Corporate Governance in Finance
Trend: 5 Years and Growing h2ly
The financial services industry has been witnessing rapid changes in the last few years, especially on the legislative and regulatory compliance front. Numerous local, national and international compliance requirements spring up on an almost regular basis, affecting companies in a big way.
Financial institutions in particular, face a diverse set of compliance regulations focused on a range of factors, including: responsible corporate governance and transparency, the protection of customer information and privacy, and the prevention and detection of illegal activities.
However, at the end of the day, it is important to keep in mind that all legislation is meant to secure citizen safety and economic stability on a local, national and international basis.
What this means for Financial Institutions
From a business perspective, accountability, risk management and agility form the keystones of industry best practice and compliance. In addition, most financial services compliance mandates emphasize on the following requirements:
- Process consistency and visibility
- Content management
- Internal controls and standard operating procedures
- Transparent and auditable reporting of all financial transactions
- Records management and archiving
- The ability to react quickly to business change or "material" events
- Efficient management of collateral/product information
- Effective and timely approvals
- Sound management of complaints, disputes and service level agreements
- Prevention of fraud and money laundering
No Longer Limited to Financial Institutions
However, compliance and corporate governance is no longer solely a concern of the Financial Services industry. In recent years, we have seen a spate of compliance efforts from various businesses across many industries.
As a result, corporations are focused on implementing solutions that meet compliance requirements as well as establishing best practices in managing enormous volumes of valued information within the enterprise. Market studies also indicate a robust rise in such activities across industries.
For instance, a recent Mercer Investment Consulting survey reflects the corporate governance views of 157 investment management firms from around the world who manage aggregate assets in excess of US$20 trillion. 62% of asset managers globally think that corporate governance is directly proportional to mainstream asset performance.
Another study, from Gartner, Inc., confirms an increase in spending for financial compliance management and corporate governance software technology in 2005 and forecasts continued growth in those fields through 2007.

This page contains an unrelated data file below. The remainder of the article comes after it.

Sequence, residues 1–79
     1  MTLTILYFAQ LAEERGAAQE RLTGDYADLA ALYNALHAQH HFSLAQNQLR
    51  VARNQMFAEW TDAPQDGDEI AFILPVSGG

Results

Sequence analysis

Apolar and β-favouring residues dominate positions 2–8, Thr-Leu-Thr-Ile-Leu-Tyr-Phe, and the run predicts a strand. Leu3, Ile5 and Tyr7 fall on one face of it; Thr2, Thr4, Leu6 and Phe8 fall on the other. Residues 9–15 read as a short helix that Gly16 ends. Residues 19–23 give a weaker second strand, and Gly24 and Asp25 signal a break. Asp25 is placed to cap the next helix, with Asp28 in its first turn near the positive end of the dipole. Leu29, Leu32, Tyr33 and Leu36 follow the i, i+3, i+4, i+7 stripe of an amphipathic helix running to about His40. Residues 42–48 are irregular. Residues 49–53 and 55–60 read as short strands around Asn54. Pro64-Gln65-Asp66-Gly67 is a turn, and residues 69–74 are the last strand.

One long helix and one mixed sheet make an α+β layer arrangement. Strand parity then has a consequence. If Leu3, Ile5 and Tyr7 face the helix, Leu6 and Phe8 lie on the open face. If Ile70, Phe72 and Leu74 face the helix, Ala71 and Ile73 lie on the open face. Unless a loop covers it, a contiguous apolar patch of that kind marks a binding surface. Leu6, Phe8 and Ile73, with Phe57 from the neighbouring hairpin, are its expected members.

Toll on CFOs?
All this is taking a high toll on individuals with designations of Chief Financial Officers. Consultancy Mercer and executive search firm Russell Reynolds Associates conducted a survey of 60 CFOs belonging to some of the largest listed companies in Europe and North America. The findings indicate a rather gloomy scenario. The survey found that the pressures of the job combined with mounting external scrutiny from stakeholders, boards, regulators and investors have started taking their toll.
In particular, corporate governance demands the introduction of International Financial Reporting Standards (IFRS). It also necessitates finance chiefs to be more business-focused in their approach. As a result, the CFO\'s role as the custodian of a company's financial stability has become at best more complex, and at worst an overwhelming juggling act.
So What Produces Good Corporate Governance?
Experts and analysts opine that good corporate governance does not come from enforcing rules. It comes from understanding and managing the substance of what the corporation should be doing. Basically, the corporation needs to have a viable strategy to create substantiated future value and that capital needs to be developed and utilized over time to create actual value.
A Cost-Effective Way to Enhance Governance
In the wake of rigorous developments on the governance and regulatory front, it is imperative for top level management and the board of directors to concentrate more on developing new strategies to bring about effective corporate governance.
One such strategy is to take full advantage of the offshoring boom. An Accenture global survey of more than 200 senior executives at midsize and large companies indicates that outsourcing finance may enhance governance.
Among participants whose organization had outsourced a finance process, 44 % said that the move had caused no adverse impact on governance and compliance. And a surprisingly high proportion 43 % said that outsourcing had improved governance and compliance.
Developing Economies Take a Lead in Implementing Governance
The principles, initially non-binding will be promoted by the National Foundation for Corporate Governance (NFCG). The company affairs ministry wants NFCG to evolve as an umbrella organization having the status of a sought after accreditation body.
India's corporate governance framework is much above average compared to other emerging market economies concludes a new report by the Institute of International Finance (IIF). As a result, India is well poised to jump into the fray.
It is no longer a secret that how a company is managed and the measure of its compliance efforts has a direct impact on shareholder value. Poor management and non-compliance can lead to lost business, financial penalties, indefinite suspension of operations and even criminal charges.
As corporate governance and regulatory measures increase by the day, the phenomenon is not limited to financial institutions alone. The leading economies of the world are also waking up to corporate governance best practices in order to thrive in a global marketplace. Therefore, if implemented carefully, offshoring finance processes can be a good and profitable move to enhance governance.